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Karen Telleen-Lawton: Plastic-eating Moths

I am a fan of serendipity. Evolution is governed by serendipity: chance developments that turn out to beneficial to an organism.

In recent science news, it appears evolution has supplied a moth whose larvae have the characteristic of being able to digest plastic. Whether this is beneficial to them or to us remains to be seen.

The discovery of the larvae was a serendipitous event itself. A Spanish biologist, Federica Bertocchini, of Cantabria University, was tending to her bees; her hobby is beekeeping. She noticed that caterpillars had chewed holes through the beeswax and were slurping up the honey.

Curious to identify the species, she gathered some in a plastic shopping bag and brought them back to her house.

When she later went to examine them, Bertocchini found the bag riddled with holes. Caterpillars were scattered about her house.

Most of us would have concluded this unexpected line of inquiry with “ewww,” and disposed of the errant creatures. But being a scientist, Bertocchini was more intrigued, and settled down to figure out who they were.

She found them to be the larvae of the greater wax moth, a well-known predator on bees.

Curious about how the larvae could biodegrade plastic, she teamed up with two biochemists from Cambridge University. They knew that beeswax and many plastics are held together by structures called methylene bridges which most organisms can’t break.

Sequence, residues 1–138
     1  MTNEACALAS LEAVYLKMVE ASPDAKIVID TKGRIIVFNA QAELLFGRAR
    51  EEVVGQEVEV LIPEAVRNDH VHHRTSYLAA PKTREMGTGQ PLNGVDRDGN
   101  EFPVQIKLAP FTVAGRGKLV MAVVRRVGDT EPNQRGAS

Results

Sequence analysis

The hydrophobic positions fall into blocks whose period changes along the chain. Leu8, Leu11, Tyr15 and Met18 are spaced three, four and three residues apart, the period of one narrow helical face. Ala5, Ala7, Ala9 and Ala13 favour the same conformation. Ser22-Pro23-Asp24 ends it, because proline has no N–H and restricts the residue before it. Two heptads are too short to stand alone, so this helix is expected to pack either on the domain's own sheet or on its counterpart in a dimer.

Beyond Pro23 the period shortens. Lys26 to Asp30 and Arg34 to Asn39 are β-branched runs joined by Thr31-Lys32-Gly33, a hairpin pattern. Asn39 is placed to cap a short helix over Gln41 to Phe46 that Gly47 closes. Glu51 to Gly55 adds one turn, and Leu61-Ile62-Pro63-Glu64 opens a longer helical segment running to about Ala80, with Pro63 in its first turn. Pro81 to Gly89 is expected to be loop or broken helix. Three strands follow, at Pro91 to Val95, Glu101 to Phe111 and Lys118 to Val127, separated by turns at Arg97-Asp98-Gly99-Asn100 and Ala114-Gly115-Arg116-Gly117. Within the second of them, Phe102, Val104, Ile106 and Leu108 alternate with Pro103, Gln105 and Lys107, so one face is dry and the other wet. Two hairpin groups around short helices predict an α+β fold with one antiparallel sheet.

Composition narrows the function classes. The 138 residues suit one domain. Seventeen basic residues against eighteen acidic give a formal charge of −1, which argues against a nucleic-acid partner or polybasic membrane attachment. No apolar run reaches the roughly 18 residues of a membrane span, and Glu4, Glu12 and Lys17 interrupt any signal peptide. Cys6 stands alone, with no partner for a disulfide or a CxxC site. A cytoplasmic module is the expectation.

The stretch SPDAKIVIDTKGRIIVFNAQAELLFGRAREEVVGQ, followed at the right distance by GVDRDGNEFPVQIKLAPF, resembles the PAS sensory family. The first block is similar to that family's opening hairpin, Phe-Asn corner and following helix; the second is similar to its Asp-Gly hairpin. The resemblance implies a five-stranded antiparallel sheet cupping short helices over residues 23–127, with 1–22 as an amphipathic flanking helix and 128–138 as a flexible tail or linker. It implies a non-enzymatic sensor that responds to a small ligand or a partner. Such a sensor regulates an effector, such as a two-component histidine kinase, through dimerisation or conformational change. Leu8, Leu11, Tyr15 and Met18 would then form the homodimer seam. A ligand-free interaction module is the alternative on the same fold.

The researchers used a plastic called polyethylene, one of the biggest constituents of garbage dumps, for their test material. Japanese researchers had tested a different plastic-eating species, Nocardia asteroids, on polyethylene.

The wax moth larvae took 40 minutes to chew through the material it had taken N. asteroids half a year to devour. It suddenly looked like plastic bag restrictions could be a thing of the past.

Naturally, this research has unearthed all sorts of questions. One concerns the scale of the problem and resulting required scale of the solution. According to the Guardian, this solution would require billions of caterpillars eating constantly year round to make a dent in plastics.

If I were a bee, or anyone who requires the services of one (which is all of us), I would be quaking in my bees’ knees with that figure.

Recall that bees have been suffering for decades from sudden colony collapse. The added pestilence of a known bee hive predator in the billions might spell their doom.

Bertocchini, for one, is under no illusion that caterpillars themselves will prove to be the solution to plastics in trash, but perhaps they’re a first step.

“We need to dissect the molecular devices responsible for this effect,” she said. “Once we know that, we might be able to produce the hypothetical molecule in large scale and use it as a tool to biodegrade plastic.”

Bertocchini plans to continue the research along with specialized colleagues. But there are no plans to breed the larvae on a mass scale and let them loose to eat the planet’s plastic.

“The idea of actually using the caterpillars never crossed our mind,” she told a Danish interviewer in 2017. “They are a plague for the environment, you cannot throw millions of worms in the environment, the equilibrium in nature must be respected.”

Amen to that.

— Karen Telleen-Lawton serves seniors and pre-seniors as the principal of Decisive Path Fee-Only Financial Advisory in Santa Barbara. You can reach her with your financial planning questions at [email protected]. Click here to read previous columns. The opinions expressed are her own.

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